OOPS: ELECTRONIC HEALTH RECORDS DON’T ACTUALLY POSSESS MAGICAL POWERS

A consistent refrain from health care ‚Äúreformers‚Ä? is that electronic health records will cure much of what ails our medical delivery system. Not only will EHR save money, they tell us, it will improve quality. Not so fast says the Archives of Internal Medicine:

Our findings indicate no consistent association between EHRs … and better quality. These results raise concerns about the ability of health information technology to fundamentally alter outpatient care quality.

Unfortunately,¬†it’s a little late in the day to¬†express such “concerns.” When the¬†President and his congressional accomplices rammed through the “stimulus”¬†bill in early 2009, in contained a variety of¬† provisions mandating EHR for physicians and hospitals:

Their use is likely to accelerate because of the Health Information Technology for Economic and Clinical Health (HITECH) provisions of the American Reinvestment and Recovery Act of 2009.

And guess what? These systems are pretty expensive. This means they will raise the cost of the health care you receive. BTW, if you’re one of the few people who still believe that whopper the President told about EHR saving us $80 billion, I recommend this WSJ piece:¬†

The basis for the president’s proposal is a theoretical study published in 2005 by the RAND Corporation, funded by companies including Hewlett-Packard and Xerox that stand to financially benefit from such an electronic system … The RAND study and the Obama proposal it spawned appear to be an elegant exercise in wishful thinking.

This is not, by the way,¬†”right-wing vitriol.” The guys who wrote that passage voted for President Obama. So, it looks like we’re stuck with expensive EHR technology that doesn’t improve the quality of care. Thank goodness for our “leaders” in Washington.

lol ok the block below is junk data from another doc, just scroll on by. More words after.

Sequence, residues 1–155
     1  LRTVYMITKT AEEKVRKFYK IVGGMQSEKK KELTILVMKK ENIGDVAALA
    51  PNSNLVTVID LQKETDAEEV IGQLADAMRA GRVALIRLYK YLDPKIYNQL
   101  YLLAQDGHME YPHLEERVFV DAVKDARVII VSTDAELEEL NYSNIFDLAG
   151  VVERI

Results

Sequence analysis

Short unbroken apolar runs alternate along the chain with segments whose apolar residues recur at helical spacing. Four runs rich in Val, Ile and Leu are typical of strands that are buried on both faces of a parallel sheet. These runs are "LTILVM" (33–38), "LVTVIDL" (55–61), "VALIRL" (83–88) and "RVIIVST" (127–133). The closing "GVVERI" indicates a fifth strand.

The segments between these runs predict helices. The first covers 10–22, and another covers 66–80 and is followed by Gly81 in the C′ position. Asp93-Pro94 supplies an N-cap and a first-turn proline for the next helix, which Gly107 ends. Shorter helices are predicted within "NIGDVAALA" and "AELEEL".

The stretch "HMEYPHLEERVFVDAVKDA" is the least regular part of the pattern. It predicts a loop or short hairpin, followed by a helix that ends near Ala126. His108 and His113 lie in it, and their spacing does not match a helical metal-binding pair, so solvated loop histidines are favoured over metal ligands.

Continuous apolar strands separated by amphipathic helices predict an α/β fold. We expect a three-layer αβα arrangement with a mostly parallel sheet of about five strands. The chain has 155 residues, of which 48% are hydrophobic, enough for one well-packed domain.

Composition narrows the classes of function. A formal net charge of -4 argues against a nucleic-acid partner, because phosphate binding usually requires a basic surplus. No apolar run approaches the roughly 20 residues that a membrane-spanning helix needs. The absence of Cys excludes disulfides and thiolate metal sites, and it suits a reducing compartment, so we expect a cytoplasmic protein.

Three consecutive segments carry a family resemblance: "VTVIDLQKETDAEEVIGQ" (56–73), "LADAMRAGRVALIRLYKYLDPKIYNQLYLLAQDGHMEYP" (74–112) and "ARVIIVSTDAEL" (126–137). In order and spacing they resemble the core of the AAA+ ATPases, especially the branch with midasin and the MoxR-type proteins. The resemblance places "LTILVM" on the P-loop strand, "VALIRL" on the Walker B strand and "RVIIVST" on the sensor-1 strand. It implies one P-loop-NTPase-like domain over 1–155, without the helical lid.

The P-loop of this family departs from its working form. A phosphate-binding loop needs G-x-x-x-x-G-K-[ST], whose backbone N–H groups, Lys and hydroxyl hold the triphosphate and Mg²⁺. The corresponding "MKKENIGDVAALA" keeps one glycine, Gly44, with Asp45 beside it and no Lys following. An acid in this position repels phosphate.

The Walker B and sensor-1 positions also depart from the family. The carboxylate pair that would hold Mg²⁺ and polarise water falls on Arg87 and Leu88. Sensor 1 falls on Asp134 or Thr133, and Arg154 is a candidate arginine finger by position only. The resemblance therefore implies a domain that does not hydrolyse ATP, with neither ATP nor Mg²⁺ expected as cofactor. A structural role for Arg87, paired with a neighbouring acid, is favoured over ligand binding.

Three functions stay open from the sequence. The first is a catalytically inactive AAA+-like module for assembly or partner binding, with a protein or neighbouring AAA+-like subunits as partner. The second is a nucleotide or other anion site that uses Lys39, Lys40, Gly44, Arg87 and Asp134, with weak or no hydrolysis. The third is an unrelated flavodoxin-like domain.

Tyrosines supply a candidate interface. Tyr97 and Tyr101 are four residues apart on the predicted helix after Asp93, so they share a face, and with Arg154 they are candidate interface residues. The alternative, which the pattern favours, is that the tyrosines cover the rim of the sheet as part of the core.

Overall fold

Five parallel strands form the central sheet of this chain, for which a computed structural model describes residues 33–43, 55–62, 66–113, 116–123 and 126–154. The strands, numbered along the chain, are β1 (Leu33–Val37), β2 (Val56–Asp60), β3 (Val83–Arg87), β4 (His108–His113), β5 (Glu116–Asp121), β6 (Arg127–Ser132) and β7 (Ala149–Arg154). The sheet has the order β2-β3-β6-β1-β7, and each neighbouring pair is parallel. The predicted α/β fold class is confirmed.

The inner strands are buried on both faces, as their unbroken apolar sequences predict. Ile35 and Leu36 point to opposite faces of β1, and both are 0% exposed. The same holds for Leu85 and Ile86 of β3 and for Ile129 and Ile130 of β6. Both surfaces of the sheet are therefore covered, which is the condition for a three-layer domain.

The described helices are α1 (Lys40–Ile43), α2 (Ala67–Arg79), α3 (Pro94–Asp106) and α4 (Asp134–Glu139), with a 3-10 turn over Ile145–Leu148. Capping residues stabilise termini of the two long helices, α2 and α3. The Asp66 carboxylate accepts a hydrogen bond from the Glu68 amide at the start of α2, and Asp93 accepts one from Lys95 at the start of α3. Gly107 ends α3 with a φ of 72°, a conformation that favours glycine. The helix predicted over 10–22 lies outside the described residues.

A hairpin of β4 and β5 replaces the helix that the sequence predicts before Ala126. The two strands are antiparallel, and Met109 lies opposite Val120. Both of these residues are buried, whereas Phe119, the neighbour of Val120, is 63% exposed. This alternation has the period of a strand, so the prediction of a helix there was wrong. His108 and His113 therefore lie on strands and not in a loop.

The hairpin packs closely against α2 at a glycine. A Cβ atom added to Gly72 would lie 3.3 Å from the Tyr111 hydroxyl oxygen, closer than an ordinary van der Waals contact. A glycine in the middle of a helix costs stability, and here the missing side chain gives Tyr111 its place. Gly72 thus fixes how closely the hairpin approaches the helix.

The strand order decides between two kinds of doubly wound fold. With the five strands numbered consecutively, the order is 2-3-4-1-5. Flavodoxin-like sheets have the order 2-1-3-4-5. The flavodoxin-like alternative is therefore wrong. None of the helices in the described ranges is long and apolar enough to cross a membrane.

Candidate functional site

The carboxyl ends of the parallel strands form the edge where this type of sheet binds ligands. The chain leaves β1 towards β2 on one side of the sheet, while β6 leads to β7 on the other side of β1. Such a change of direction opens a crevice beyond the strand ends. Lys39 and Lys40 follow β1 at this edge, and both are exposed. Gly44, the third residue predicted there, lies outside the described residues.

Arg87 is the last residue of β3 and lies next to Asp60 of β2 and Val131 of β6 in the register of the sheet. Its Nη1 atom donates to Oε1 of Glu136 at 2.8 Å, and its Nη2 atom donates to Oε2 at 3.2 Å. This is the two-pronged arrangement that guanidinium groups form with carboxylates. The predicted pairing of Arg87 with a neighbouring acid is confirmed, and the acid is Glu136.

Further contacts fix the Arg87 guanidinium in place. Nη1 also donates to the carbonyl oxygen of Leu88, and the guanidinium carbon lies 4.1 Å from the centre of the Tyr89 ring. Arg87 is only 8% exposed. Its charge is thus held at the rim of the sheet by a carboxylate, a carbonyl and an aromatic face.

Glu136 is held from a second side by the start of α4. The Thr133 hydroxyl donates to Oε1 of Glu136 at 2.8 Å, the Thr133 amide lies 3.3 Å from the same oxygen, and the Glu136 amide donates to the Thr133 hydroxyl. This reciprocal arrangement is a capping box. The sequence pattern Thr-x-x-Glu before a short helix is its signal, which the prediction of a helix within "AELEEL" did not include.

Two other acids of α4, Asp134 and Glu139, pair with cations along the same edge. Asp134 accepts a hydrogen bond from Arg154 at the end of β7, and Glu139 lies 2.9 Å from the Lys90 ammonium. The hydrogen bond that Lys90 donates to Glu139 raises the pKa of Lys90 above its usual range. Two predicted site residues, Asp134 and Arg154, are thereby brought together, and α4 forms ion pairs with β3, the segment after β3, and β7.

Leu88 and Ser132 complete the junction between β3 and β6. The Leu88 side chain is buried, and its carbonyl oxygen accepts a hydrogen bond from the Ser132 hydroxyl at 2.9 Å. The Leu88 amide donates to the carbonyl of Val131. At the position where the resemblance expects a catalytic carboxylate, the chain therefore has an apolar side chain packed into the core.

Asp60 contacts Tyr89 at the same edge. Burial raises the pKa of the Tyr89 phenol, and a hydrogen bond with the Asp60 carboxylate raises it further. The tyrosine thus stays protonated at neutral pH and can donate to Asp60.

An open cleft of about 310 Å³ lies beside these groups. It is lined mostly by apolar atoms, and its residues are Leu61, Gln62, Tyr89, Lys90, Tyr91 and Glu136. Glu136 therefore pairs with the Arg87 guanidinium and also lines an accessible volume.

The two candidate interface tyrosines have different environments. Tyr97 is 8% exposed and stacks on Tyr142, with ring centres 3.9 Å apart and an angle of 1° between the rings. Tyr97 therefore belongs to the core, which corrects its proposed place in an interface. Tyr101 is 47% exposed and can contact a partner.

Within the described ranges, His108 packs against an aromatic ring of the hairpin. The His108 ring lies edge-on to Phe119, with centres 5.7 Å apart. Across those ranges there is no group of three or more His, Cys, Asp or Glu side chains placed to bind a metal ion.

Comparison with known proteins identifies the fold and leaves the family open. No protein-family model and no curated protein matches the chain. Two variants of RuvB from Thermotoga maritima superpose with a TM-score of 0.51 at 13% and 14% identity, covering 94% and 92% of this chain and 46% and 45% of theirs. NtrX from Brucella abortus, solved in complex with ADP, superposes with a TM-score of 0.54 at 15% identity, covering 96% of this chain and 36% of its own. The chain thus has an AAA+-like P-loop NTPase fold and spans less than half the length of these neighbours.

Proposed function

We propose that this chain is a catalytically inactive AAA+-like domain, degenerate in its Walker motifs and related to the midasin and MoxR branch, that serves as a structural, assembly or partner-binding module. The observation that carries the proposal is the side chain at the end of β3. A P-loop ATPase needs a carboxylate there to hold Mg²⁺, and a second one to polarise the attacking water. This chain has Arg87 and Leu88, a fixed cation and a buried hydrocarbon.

[ht John Goodman]

Comments 4

  1. John Schneider wrote:

    Mr. Catron:

    I’m with MO Medicaid, and I work with some of the issues precipitated by ARRA (Stimulus) and PPACA (Obamacare). After looking at the report to which you linked, my reaction was like that of my daughter’s favorite cartoon character, Scooby-Doo: “Ruh-roh!” One project that is really getting the push in MO is the EHR incentive payments under the HITECH portion of PPACA. The justifications I hear for this program boil down to 2 reasons: EHR is a silver bullet, and the feds are picking up the cost. May be bureaucratic inertia on my part, but I always worry that we are rushing in where angels fear to tread. Thanks for passing on the knowledge!

    Posted 28 Jan 2011 at 2:55 pm
  2. Marc Brown wrote:

    You’re right. I think all healthcare records should be written on parchment and stored in a cave by the Dead Sea.

    Posted 29 Jan 2011 at 12:57 pm
  3. Rich wrote:

    Nice straw-man, Marc. Intetesting how you selectively dismiss clinical research. If this were an article about avastin failing to improve quality you would have (have had) the exact opposite reaction.

    Of course tbe study, David’s piece, and the comment above have nothing to do with keeping doctors from modernizing their record keeping, only with government mandates and incentives, but you know that.

    Posted 29 Jan 2011 at 9:09 pm
  4. denver wrote:

    I dread getting referrals from doctors using EHR systems. Pages and pages of useless information and a short sentance about the patient’s condition and diagnosis, likely due to the physician not being a proficient typist. The overall quality of the information seems diminished.

    Posted 01 Feb 2011 at 2:15 pm

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